The Story of Myles


                                                                        The Story of Myles                                                                     
                                                                  Book Review By Joe Castel

  Los Angeles resident Daniel P’Lopez has penned his second novel, The Story of Myles just over two years after his Vendetta House was published in the summer of 2005. His most recent venture, however, is a far departure from his slasher, crime thriller. In this novel P’Lopez focuses on a teenage boy, Myles, who eventually falls in love with a male classmate in rural Oregon. P’Lopez knows how to set up drama and keep the reader hooked with sultry teasers and raw emotional sentiments.

  After losing a family member, Myles and his mother move to Oregon to escape a family tragedy, but Myles is unable to forget the past, forgive and move forward with his life. The likeable, yet lonely teen experiences numerous high school drama with a girl named Stacie, until he meets a boy named Seth, who arouses his sexuality—then confusion and tragedy really kicks into Myles’ life. If there is a message about Myles, it’s to let go of unrequited love, but not give up on one’s self.

  P’Lopez sat down with Adelante for an interview about his new book.JOE: Why did you choose to write this novel about a boy’s sexual identity?

DANIEL: Basically it started off based on a character off of myself. I took a piece of my inner self and created this boy named Myles in a fictional story and fictional world.

JOE: Are you saying that you’re taking this from your own life experiences?

DANIEL: Some of them yes, like another one of the characters is a lot like me. So some of them do have a part of my inner self in me.

JOE: Were you inspired by anyone to do this?

DANIEL: No. Basically from my own life experiences—I created this story based on my life, at least some of it.

JOE: Were the deaths in the story on people you knew?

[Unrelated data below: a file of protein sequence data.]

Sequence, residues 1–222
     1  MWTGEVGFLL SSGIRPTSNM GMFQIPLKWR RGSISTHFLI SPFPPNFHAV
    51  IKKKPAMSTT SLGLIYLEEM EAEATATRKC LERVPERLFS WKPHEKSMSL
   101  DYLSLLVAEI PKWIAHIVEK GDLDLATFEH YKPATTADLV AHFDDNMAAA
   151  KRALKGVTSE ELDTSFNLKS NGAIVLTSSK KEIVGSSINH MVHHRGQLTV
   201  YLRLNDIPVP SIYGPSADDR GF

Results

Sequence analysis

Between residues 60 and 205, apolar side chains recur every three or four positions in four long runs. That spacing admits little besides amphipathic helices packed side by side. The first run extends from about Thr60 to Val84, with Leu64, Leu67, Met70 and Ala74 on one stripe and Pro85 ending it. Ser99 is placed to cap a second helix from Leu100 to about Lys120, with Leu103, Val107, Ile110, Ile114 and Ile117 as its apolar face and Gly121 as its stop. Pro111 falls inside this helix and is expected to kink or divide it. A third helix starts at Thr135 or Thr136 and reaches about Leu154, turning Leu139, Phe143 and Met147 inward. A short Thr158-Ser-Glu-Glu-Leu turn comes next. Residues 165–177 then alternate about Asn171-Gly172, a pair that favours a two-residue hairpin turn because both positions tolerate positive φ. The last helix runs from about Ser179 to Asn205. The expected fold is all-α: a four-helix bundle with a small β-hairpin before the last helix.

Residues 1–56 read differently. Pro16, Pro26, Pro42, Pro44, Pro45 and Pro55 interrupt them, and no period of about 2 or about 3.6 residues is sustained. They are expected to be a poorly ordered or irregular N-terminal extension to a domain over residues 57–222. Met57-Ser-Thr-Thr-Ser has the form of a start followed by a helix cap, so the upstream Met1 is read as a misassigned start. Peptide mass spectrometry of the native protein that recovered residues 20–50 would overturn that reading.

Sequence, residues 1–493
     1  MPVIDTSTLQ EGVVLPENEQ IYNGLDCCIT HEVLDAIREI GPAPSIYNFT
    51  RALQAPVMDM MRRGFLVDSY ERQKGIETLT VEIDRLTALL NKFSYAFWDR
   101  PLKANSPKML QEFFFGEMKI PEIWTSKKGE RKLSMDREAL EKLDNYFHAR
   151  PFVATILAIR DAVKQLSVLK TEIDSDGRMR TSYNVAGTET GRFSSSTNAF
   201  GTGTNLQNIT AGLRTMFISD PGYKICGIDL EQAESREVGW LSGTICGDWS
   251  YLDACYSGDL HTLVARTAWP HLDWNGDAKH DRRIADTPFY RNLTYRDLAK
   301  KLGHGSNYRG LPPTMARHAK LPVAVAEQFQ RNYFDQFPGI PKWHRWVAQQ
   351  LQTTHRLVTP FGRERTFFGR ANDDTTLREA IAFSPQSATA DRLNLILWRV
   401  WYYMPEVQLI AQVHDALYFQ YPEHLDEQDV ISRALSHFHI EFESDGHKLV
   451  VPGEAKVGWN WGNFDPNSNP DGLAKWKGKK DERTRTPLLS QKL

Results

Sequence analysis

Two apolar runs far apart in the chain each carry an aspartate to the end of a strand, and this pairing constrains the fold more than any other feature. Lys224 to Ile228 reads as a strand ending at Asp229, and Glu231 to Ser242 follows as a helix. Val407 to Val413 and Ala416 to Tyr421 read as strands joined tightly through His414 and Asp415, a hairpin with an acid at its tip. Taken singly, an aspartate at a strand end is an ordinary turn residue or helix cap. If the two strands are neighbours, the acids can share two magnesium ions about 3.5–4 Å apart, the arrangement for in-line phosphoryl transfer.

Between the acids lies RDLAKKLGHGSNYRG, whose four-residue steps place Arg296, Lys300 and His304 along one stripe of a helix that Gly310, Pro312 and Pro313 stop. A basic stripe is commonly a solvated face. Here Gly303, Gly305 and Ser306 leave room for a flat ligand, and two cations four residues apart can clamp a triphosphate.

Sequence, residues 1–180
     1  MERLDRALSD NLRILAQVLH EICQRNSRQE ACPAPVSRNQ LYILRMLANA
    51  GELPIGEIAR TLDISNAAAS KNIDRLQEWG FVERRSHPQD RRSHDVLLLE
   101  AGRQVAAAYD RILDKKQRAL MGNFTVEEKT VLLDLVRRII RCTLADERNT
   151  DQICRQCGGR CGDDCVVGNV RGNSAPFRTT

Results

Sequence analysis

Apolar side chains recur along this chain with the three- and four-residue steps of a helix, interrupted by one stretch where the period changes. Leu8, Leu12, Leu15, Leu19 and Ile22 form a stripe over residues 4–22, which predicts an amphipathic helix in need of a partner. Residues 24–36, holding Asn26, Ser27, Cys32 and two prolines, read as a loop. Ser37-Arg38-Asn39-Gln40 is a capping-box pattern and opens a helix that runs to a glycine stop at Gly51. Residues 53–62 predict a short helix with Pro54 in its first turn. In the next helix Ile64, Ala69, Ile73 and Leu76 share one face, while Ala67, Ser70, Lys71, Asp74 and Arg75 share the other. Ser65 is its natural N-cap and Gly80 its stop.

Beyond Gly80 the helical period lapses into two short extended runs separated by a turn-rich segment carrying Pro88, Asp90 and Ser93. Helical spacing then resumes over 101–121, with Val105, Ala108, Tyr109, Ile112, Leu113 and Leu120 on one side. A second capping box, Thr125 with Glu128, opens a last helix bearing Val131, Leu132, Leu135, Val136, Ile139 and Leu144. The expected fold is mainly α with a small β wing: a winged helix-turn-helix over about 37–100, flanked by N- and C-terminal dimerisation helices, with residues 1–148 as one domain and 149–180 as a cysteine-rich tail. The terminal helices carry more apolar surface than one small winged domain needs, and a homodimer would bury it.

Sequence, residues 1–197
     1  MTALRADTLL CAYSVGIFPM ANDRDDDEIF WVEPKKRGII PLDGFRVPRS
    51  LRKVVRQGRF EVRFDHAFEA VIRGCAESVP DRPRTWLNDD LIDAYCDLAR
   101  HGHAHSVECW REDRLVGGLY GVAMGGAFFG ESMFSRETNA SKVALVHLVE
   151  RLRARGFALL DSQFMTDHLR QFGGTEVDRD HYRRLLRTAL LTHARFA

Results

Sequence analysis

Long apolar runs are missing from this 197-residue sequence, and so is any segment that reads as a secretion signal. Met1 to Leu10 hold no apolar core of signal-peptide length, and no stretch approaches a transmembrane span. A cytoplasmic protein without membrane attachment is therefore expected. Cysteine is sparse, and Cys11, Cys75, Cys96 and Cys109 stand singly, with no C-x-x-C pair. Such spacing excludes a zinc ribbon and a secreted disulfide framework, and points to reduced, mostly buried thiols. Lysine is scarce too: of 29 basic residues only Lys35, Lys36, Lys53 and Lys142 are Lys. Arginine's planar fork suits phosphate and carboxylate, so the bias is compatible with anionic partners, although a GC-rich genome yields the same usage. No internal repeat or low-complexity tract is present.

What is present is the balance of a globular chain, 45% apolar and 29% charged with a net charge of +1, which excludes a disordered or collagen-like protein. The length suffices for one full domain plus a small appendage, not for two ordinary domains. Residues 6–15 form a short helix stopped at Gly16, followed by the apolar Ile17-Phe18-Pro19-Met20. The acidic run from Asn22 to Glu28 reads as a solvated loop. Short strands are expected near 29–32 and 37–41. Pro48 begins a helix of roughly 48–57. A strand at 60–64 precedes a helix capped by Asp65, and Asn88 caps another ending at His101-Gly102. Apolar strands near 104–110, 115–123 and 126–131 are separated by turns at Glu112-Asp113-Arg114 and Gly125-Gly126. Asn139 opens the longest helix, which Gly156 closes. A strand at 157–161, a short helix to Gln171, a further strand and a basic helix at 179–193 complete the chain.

DANIEL: Well, basically life is death to me. I did have some people die in my past, but all the characters are fictional, so they have nothing to do with anyone living or dead.

JOE: Who is the intended audience?

DANIEL: It’s basically for everyone. Young adults, teenagers, older adults, especially those questioning themselves or who are gay or bisexual.

JOE: You have a nice way of setting up some conflict and drama, especially the details. Where did you learn or how did you learn to write to well?

DANIEL: I started writing when I was 16, writing stories that is. And as the years progressed I improved a lot with my writing, story telling and characters, and stuff like that.

JOE: How long do you write a day? And how long did it take you to write this story?

DANIEL: I used to write a lot, almost everyday, and have many stories that I started that I haven’t finished, but I need to finish. Basically, I started this story when I was a senior in high school at the age of 18 and I worked off and on since then, so it’s been many years.

JOE: There’s a character that seems to reveal a weakness in them as if not strong enough to survive the challenges or harshness of life. Could you respond to it?

DANIEL: Well basically some of the characters go through a lot of hardships, struggles and losses, but I wouldn’t call them weak, I would just call them human, because we all go through bad experiences, and sometimes we all deal with them differently, but in the retrospect, I think they‘re strong characters.

JOE: The ending lacked one really strong character, and left me with a sense of hopelessness. I realize Myles does struggle with his reality and is brave, up to a certain point. You realize Myles means “solider”, don’t you? Your thoughts?

DANIEL: No I didn’t know Myles meant soldier. In reality, that’s how it is because bad things do happen, and people try to sweep things under the rug, like those kinds of things don’t exist or don’t happen, but they do. I guess everyone wants a happy ending, but I choose to go with the ending that I wrote and am happy and proud of it. I wanted to write it that way because not all life ends happily, and this one ends tragically. And also since I am the author, I got to choose how to end it, and that’s how I wanted to end it.

JOE: What’s you next book or project?

DANIEL: My next story is called Alestir. Basically, it’s a story that starts off as being dramatic and ends up being horror, (laughter). I won’t give away too much, but I am almost done with that one.

JOE: How did your last book (The Vendetta House) do? How was it received? How did you do at the reading?

DANIEL: My last book, The Vendetta House, did good. It didn’t hit the best seller list, but it sold some books and is still selling. And hopefully, this new book will do better. And my book signing went well, I was very nervous at first, but a lot of my friends and family, and other people came, and supported me, and it turned out to be a good experience, and I’m proud of it and I look forward to the next one.